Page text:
Friday, August 29, 2014

How to Clean Guinea Pig Fleece

Using fleece in your guinea pig's cage seems dead simple: Buy a few yards of thick fleece, put it in the piggie's cage, and every two days or so, shake/clean it out. Around the third or fourth day, you wash it, and in goes a second piece of fleece. In theory, it seems simple, but actually, it varies among guinea pig owners. Some like it to look super meticulously clean, while others don't mind if the pig gets messy a bit. There is a great overview of the stuff on the forum, called The Fleece Project: The Study.  It covers purchasing, preparing and using fleece. 

The Fleece Project recommends a Vacuum-Shake-Brush-Beat routine. I prefer a Brush-Shake-Baby Wipe-Air Dry-Shake routine for cleaning fleece. You probably have (or will have) your own favored routine. As I pull the fleece out of the cage, I sweep much of the debris into the cage with the hand held sweeping brush. All of this brushing  often crushes some of the hay, so I find running the dust buster over it briefly can pull off the crumbs and any of the loosened hair. Then I shake the remaining, stubborn bits outside followed by the baby wipe where there's urine. Then I drape it over a patio chair and let it air-dry for a bit, which removes any other hairs or hay bits and makes it less wet. 

If the weather is good, I do all of this outdoors, because the hair and hay bits will just blow away. Plus, I don’t have to sweep up the floor when I’m done. Less dust in the house, too. It takes some time and effort, but the results are impressive. You can see the difference with Willow’s fleece.

I have found that thin fleece is better to wick away the urine, and is easier to clean during this process. Polar fleece is downright impossible, but it does absorb well. The reason I use thinner fleece because I only have one pig, but if your guinea pigs are masters at using the bathroom all over the place, or you have a tricky cage base(if it's the kind that absorbs the urine easily) add towels underneath and a puppy pad or two.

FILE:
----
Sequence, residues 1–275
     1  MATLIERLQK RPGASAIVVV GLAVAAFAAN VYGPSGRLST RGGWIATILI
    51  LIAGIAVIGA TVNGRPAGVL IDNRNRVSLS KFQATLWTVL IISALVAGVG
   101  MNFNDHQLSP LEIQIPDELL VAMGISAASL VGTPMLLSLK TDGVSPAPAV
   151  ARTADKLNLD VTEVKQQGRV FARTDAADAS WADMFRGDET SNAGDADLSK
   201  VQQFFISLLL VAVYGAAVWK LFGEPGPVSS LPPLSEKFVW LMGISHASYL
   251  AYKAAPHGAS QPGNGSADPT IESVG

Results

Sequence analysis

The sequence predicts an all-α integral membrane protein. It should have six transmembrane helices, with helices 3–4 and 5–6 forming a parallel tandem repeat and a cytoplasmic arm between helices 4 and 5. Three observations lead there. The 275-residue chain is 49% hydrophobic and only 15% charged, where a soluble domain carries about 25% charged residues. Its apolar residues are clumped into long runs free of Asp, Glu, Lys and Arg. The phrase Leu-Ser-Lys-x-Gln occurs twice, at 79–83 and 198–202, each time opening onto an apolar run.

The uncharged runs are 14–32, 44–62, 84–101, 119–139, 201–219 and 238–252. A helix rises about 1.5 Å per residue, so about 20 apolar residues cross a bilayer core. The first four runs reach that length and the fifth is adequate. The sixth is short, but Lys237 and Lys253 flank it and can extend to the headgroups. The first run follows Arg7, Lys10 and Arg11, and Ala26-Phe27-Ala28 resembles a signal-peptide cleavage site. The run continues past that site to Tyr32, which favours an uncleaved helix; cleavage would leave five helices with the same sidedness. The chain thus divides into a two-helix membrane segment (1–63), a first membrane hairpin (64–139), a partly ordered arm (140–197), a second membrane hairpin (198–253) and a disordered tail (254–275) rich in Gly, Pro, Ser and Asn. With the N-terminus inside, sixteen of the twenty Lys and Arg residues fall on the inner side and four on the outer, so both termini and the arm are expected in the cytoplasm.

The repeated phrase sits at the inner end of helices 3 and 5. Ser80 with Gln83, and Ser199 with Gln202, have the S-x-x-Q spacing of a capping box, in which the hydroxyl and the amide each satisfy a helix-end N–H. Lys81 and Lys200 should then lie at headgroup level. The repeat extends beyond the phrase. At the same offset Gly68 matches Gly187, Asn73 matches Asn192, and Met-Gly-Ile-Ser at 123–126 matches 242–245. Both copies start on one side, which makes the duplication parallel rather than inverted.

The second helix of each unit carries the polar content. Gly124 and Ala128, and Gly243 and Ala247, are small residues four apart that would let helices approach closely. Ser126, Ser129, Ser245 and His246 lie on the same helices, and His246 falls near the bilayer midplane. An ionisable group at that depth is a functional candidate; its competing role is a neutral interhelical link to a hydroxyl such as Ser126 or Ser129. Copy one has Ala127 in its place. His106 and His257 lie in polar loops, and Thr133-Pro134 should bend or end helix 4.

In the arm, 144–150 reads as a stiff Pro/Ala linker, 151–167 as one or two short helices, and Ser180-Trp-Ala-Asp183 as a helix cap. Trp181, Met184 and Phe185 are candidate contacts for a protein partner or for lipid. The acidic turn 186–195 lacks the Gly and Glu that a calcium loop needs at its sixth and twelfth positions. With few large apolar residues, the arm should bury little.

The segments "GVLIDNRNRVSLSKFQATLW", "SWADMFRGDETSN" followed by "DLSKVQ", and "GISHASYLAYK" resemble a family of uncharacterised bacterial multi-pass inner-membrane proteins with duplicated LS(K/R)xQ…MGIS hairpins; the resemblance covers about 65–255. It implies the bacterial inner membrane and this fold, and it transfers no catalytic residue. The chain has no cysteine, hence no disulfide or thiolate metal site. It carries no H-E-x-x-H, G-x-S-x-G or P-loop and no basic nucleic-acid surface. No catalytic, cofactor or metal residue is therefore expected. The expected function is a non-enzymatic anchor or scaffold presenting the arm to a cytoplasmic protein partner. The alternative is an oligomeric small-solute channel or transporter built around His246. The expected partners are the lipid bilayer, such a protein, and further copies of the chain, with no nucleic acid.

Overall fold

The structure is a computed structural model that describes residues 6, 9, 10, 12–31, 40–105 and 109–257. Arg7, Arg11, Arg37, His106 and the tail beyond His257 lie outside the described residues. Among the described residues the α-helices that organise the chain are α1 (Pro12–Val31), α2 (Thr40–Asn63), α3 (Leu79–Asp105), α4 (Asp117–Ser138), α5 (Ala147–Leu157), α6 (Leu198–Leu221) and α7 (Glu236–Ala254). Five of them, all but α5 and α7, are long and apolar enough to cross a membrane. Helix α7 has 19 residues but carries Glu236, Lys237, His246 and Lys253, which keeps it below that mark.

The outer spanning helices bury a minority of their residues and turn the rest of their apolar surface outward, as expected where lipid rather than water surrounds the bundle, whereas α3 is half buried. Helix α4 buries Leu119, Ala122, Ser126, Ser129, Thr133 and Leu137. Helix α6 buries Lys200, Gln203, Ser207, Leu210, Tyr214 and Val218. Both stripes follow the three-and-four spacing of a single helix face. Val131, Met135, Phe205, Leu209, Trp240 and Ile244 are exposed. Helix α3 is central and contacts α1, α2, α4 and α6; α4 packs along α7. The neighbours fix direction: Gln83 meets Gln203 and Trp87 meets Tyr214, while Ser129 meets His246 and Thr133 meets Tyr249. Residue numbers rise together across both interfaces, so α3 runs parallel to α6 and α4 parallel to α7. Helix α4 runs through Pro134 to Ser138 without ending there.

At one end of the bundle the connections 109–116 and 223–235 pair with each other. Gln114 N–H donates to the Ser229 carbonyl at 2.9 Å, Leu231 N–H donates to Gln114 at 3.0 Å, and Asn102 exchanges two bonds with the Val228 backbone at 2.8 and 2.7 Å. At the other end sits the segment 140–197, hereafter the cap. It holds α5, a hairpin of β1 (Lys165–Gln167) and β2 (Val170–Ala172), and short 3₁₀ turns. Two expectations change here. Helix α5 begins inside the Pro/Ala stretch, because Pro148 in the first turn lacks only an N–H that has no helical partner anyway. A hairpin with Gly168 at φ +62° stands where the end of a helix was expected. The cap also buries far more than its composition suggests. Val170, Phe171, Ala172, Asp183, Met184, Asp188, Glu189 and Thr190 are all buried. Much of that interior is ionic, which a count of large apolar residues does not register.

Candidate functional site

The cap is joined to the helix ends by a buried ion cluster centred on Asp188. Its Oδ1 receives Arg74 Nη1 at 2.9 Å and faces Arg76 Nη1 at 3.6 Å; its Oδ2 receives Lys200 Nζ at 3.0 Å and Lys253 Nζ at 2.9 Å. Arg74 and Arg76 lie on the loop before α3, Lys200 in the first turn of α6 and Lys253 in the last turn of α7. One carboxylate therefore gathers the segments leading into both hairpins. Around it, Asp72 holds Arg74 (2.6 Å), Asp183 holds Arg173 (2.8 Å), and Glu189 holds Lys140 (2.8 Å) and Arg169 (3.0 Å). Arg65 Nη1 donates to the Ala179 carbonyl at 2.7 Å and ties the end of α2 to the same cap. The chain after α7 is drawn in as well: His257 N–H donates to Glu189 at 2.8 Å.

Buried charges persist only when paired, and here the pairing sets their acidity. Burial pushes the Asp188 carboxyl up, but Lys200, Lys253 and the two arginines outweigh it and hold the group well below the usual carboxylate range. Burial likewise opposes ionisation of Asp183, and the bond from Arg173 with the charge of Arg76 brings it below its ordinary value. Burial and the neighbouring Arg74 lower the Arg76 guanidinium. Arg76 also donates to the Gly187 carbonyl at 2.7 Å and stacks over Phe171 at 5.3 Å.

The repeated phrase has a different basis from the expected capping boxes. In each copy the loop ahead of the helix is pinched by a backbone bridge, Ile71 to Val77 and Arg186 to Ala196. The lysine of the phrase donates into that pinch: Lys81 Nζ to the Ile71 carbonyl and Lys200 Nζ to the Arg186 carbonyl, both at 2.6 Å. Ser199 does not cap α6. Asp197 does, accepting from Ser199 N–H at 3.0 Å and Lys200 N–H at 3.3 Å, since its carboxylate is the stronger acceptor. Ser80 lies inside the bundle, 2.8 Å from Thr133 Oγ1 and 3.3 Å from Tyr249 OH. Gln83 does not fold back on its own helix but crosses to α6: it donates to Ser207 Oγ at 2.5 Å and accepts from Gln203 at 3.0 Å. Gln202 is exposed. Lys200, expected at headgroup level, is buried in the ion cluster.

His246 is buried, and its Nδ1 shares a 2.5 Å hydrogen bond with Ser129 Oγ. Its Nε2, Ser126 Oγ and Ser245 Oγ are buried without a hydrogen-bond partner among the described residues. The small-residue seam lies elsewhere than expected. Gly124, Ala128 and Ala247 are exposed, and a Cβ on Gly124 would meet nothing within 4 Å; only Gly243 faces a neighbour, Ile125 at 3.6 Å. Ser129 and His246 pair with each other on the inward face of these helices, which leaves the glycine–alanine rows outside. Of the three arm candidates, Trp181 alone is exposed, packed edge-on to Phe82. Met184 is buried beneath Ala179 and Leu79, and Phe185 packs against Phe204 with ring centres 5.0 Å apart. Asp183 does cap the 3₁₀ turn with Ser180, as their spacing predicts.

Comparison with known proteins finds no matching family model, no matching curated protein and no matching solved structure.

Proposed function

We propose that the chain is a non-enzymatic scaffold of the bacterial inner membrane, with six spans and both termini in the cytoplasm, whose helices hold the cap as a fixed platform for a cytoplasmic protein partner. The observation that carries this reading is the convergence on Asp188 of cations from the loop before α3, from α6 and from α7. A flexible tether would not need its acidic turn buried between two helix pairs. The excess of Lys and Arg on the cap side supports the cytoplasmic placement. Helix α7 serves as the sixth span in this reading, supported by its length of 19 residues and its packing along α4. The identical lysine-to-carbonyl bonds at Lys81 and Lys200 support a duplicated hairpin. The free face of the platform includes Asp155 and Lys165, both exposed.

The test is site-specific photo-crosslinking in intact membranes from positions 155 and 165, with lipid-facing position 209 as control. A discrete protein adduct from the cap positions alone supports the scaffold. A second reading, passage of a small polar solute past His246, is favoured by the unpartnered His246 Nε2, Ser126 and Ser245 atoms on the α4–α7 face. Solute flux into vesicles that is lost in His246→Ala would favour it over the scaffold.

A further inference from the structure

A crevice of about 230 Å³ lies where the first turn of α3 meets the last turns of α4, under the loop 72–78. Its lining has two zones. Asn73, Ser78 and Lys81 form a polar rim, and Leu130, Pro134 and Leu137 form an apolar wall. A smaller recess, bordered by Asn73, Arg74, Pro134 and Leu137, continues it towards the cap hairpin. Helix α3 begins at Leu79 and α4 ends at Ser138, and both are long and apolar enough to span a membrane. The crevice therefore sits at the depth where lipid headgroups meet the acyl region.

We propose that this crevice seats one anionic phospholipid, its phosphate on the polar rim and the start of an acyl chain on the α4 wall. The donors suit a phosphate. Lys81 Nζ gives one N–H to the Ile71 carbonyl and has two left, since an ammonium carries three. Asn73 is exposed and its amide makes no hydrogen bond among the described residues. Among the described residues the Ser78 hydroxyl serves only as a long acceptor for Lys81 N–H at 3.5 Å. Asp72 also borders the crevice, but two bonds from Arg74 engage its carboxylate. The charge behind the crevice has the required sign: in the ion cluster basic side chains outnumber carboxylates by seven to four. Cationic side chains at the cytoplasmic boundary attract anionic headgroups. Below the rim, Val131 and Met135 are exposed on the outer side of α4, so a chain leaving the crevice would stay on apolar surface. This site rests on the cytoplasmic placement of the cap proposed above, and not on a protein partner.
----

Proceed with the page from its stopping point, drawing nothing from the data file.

It takes some time and effort, but the results are impressive. You can see the difference with Willow’s fleece.  The prep-work also makes the washing machine (and my mom) a whole lot happier. It doesn’t need to be wiped down after a load of piggy fleece. As an added bonus, if I dry the fleece in the dryer, the lint trap doesn’t look like half a guinea pig was shaved into it. :)


Even if you use the tecniques described above, your pig's fleece still needs to be washed twice or even three times a week. Pretty much everyone agrees that vinegar is great for removing urine and odor from fleece. Beyond that, laundering techniques can vary as much as the prep-work. 

If you pour in about 1/2 to 1 cup of vinegar, a scoop of OxiClean and maybe a drop of detergent with a large load of pig fleece, it gets rid of odors and icky urine stains. Some washers have an extra rinse options, so if yours does, use that and run with warm/cold water (instead of hot). Fleece doesn’t hold onto the water, so you can just leave it out to dry.

That’s my basic cleaning routine. Nothing complicated. I sweep daily with a sweeping brush or the lightly with the rubber mitt. I do the Brush-Shake-Baby Wipe-Air Dry-Shake thing every few days. Fleece that is dry, clean and doesn’t smell may go back in the cage; stuff that needs washing goes in the hamper. I run a load whenever the hamper is full or when I’m on my last set of clean fleece for the cage.  Your mileage will vary, based on number of pigs, their habits, humidity, cage setup (including what you use under the fleece) and your personal sense of what’s clean or not.

Cleaning Fleece 

Images courtesy of Sally 
Willow's fleece: before and after

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